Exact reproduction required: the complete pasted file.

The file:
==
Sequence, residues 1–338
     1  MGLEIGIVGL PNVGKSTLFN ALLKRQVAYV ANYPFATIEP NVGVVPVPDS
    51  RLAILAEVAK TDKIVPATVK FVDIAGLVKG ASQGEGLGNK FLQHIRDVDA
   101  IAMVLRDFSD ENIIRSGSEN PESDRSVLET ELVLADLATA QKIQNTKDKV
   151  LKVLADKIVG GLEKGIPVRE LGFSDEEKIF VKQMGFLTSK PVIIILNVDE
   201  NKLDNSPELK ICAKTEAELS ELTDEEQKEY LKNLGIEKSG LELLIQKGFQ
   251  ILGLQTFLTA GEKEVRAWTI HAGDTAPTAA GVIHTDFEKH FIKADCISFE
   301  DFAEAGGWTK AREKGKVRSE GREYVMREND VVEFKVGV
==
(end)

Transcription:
Sequence, residues 1–338
     1  MGLEIGIVGL PNVGKSTLFN ALLKRQVAYV ANYPFATIEP NVGVVPVPDS
    51  RLAILAEVAK TDKIVPATVK FVDIAGLVKG ASQGEGLGNK FLQHIRDVDA
   101  IAMVLRDFSD ENIIRSGSEN PESDRSVLET ELVLADLATA QKIQNTKDKV
   151  LKVLADKIVG GLEKGIPVRE LGFSDEEKIF VKQMGFLTSK PVIIILNVDE
   201  NKLDNSPELK ICAKTEAELS ELTDEEQKEY LKNLGIEKSG LELLIQKGFQ
   251  ILGLQTFLTA GEKEVRAWTI HAGDTAPTAA GVIHTDFEKH FIKADCISFE
   301  DFAEAGGWTK AREKGKVRSE GREYVMREND VVEFKVGV